Weekly Journal Entry – 10/9

I remembered a talk that I had heard by Elder Eyring, a number of years ago. It’s called “Rise to Your Call.” It is one that had multiple meanings to me, not only as a priesthood holder, but as a father, friend, son, brother and paramedic.

I’ll digress momentarily, as I ask you to think about what has led you to where you are today. Consider your callings in life. Each of you, a son or daughter of God, is called to represent the Savior. Many of you are husbands and wives. Some of you a parent, or will be very shortly. Each of you, a soon-to-be paramedic. What led you to this career choice? Why paramedicine? Did you feel drawn to it? Do you feel an emotional connection to helping people in their time of need? Perhaps you got a spiritual confirmation, that this was the right job for you, at this time in your life.

We each have a variety of callings in life. Each with their own set of responsibilities and trials. Each with their own blessings. Elder Eyring shares a few thoughts I’d like to recount (Elder Eyring quotes in blue).  I’ll add that Elder Eyring’s comments were directed to those with callings in the church, but his advice, I believe, is very applicable to other callings in life:

“First, you are called of God. The Lord knows you… He chose you.” If before you embarked on a new calling in life, be it career, family or otherwise, you made it matter of prayer and spiritual reflection, I believe in every sense of the word, it is a calling. The Lord has chosen you. There is power in that statement.

“You are called to represent the Savior. Your voice to testify becomes the same as His voice, your hands to lift the same as His hands. His work is to bless His Father’s spirit children with the opportunity to choose eternal life. So, your calling is to bless lives. That will be true even in the most ordinary tasks you are assigned and in moments when you might be doing something not apparently connected to your call. Just the way you smile or the way you offer to help someone can build their faith. And should you forget who you are, just the way you speak and the way you behave can destroy faith.” Your calling as a paramedic is different than other paramedics. You have been endowed with spiritual gifts that most paramedics do not have. How will you use them? Will you, by your own unworthiness, withhold those gifts from others? Or will you build up someone spiritually and physically, in their time of deepest need?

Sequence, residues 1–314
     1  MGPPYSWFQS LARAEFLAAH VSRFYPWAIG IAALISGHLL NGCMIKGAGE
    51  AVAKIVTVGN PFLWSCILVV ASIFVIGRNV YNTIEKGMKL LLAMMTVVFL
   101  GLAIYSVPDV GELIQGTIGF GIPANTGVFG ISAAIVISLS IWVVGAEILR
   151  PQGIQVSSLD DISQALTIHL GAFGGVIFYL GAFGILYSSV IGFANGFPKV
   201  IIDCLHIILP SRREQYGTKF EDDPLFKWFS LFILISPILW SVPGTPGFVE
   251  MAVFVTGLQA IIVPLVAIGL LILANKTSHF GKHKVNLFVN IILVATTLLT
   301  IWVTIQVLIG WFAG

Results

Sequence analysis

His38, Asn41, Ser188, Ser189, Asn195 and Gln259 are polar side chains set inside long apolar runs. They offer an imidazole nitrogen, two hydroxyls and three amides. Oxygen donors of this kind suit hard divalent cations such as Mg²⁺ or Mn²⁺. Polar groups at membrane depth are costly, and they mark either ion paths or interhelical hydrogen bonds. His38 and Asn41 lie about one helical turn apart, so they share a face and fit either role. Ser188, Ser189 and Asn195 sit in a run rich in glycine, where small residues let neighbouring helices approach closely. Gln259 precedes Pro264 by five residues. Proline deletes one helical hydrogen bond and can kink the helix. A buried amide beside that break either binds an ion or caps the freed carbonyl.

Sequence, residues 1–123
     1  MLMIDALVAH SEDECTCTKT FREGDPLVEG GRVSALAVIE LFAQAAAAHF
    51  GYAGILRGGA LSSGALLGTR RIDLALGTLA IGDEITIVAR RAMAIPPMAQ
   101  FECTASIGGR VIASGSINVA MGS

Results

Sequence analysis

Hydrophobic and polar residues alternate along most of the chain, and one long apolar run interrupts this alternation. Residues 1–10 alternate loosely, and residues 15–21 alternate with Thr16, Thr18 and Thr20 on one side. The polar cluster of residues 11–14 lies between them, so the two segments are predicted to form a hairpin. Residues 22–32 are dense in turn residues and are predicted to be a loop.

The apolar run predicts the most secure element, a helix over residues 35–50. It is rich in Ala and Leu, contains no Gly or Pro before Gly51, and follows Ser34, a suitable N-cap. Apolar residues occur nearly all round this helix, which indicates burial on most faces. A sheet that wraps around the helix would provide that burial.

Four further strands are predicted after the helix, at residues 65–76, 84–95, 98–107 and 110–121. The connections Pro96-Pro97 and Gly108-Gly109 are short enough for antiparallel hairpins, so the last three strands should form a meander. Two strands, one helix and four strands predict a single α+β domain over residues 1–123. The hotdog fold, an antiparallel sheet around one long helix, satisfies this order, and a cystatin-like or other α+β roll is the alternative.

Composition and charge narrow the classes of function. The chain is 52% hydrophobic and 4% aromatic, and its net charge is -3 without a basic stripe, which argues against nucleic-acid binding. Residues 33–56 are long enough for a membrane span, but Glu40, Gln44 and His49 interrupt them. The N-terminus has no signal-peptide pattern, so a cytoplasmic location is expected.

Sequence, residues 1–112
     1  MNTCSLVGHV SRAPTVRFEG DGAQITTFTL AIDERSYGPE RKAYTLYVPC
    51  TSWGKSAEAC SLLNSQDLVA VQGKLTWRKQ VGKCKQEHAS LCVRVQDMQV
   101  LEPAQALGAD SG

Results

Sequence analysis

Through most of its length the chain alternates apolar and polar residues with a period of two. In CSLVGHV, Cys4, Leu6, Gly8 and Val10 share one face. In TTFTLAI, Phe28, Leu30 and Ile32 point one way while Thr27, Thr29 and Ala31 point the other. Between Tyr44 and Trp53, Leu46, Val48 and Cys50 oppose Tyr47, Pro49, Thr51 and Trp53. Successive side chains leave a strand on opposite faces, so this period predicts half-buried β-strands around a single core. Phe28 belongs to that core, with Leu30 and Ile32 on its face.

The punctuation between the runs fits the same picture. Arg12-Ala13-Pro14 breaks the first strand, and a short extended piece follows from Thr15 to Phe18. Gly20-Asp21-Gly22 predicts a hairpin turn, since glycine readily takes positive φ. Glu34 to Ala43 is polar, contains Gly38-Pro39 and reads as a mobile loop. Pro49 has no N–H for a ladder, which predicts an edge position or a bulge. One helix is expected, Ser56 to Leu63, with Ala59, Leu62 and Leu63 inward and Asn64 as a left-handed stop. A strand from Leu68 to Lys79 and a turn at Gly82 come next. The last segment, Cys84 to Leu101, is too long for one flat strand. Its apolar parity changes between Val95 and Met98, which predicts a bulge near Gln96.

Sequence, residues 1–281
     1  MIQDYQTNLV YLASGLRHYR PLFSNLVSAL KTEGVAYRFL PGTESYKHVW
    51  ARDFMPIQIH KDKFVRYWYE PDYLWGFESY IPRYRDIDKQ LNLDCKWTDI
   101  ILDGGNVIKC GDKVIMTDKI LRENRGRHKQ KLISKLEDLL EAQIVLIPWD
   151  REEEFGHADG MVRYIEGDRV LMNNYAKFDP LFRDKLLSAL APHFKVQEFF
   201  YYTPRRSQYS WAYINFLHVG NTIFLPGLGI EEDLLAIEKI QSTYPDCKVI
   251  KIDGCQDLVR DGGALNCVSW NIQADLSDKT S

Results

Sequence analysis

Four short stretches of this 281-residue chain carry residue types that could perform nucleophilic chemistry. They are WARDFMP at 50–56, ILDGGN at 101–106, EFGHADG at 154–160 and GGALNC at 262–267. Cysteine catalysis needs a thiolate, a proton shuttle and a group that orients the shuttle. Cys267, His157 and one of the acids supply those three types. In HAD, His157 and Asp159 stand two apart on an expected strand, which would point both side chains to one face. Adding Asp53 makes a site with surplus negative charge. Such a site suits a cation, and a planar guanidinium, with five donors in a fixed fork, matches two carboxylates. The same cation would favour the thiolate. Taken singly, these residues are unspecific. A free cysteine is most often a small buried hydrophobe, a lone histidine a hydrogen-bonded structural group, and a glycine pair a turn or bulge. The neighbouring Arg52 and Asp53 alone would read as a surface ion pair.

“Your call carries grave responsibility. But you need not fear, because with your call come great promises.” The lives of God’s children will frequently rest solely in your hands. As you tune yourself to hear the spirit of God, and prepare physically with the proper knowledge and mindset, God will guide you.

“Just as God called you and will guide you, He will magnify you. You will need that magnification. Your calling will surely bring opposition. You are in the Master’s service. You are His representative. Eternal lives depend on you.” I’ll add also, that in the calling of a paramedic, physical lives depend on you. I can think of many times that without the guiding influence of the Holy Ghost, I would have not performed to the best of my ability. With the ability to receive that revelation, has come come temptation. Temptation to embrace the negative and worldly side of the job. This is in direct opposition to what God wishes for you. Avoid it at all costs.

“There will be times when you will feel overwhelmed. One of the ways you will be attacked is with the feeling that you are inadequate. Well, you are inadequate to answer a call to represent God with only your own powers. But you have access to more than your natural capacities, and you do not work alone.” To those who are struggling right now, and there are many of you, I would like to speak directly to you. I’ll add my testimony to that of Elder Eyrings, you do not work alone. Think for a moment what that means.

You do not work alone.

You have a spiritual capacity, and with that a physical capacity beyond your wildest imaginations. If you are struggling, I plead with you to first, seek out spiritual help. Then, in time, the answers will come. You, with the help of your instructors and preceptors, will know how to fix and to improve. I know that is true.

“What you say and do will carry hope and give direction to people far beyond your natural abilities and your own understanding.” Many of you have expressed frustration with the frequency of low-acuity calls. I’ll be the first to admit that these calls were beyond frustrating to me as an intern. I wish I knew then, what I know now. The vast majority of these people you will transport in non-emergent situations are lost. Many of them have problems with alcohol and drug abuse and other problems we can scarcely understand or appreciate. You have the opportunity to be a light in the lives of those people. Having that understanding and belief will completely change they way you look at those types of calls. I challenge you to try it.

Students, I love you all. I pray for your safety, success and happiness. You are constantly on my mind. Continue to bless the lives of those around you.

With Love,
Brother Farmer

 

P.S. Here is a brief summary of Elder Eyrings talk:

P.P.S.  Here is the full talk:

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Posted in BYU-Idaho, Gospel

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